supervolcano Toba

Supervolcano eruptions can start without warning

Supervolcano Toba eruption can cause serious climate change

Analysis of ancient Toba supervolcano minerals has shown that magma accumulation there proceeded gradually and without noticeable jumps right up to the onset of a catastrophic eruption.

There are about 10-20 supervolcanoes on Earth today, so dangerous that their eruptions could cause serious climate change. One of these is Toba volcano on the Indonesian island of Sumatra, which erupted 840,000 years ago and then 75,000 years ago. Ash ejected into the atmosphere blocked out sunlight, causing global cooling.

It is assumed that the last eruption of Toba almost ruined humanity, the number of which then decreased to several thousand, although this hypothesis is disputed by many experts. Either way, predicting the next eruption of Toba or another supervolcano may be vital for people today.

It is believed that such a catastrophe is preceded by a sharp influx of molten magma into the underlying volcano reservoir. But new work by geologists from China, Indonesia and Switzerland has shown that magma buildup can occur gradually and unnoticed from the outside, until it is too late. They write about it in an article published in the journal PNAS. A press release from the University of Geneva describes the study briefly.
The authors studied samples of zircon, a mineral contained in magma and rising to the surface with it. Zircon includes trace amounts of uranium, an unstable element that decays to lead over time, serving as a tool for radioisotope dating of ancient rocks. Based on this data, scientists determined the timing of magma accumulation before past eruptions of Toba Volcano.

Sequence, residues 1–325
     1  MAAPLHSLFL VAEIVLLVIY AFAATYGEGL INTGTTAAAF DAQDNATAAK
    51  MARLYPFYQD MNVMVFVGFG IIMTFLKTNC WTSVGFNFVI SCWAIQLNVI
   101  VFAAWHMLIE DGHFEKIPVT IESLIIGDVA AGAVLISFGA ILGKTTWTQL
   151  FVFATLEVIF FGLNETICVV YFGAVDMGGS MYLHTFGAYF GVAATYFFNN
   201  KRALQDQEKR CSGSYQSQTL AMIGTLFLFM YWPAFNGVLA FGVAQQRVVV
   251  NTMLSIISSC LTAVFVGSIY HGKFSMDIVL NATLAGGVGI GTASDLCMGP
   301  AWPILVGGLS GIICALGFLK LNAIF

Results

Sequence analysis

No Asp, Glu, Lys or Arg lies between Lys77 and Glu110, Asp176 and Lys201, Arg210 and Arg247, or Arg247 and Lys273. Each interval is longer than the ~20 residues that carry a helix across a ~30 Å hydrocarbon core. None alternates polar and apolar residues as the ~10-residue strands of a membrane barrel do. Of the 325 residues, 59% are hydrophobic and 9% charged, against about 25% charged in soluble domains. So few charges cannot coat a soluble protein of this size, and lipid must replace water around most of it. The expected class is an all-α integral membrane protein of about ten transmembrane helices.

It turned out that there were no sudden and powerful inflows of molten material into the volcanic reservoir. Magma accumulated gradually, with the process taking only 600,000 years before the last eruption, as opposed to about 1.4 million years before the previous one. The “vicious circle” of rising lithospheric temperature in the volcano’s vicinity contributed to this. The 840,000-year-old eruption heated the Earth’s crust, causing magma to cool and solidify more slowly as it continued to flow into the reservoir and molten mass to accumulate faster.

Scientists estimate that today magma enters the Toba reservoir at a rate of about 4 cubic kilometers per thousand years, not standing out from the average rate over the past million years (0.8 to 10 cubic kilometers per thousand years). By now, at least 315 cu km of molten matter has accumulated under the Toba caldera. Based on these figures, they predict that the next eruption of the volcano may occur within the next 600 thousand years.

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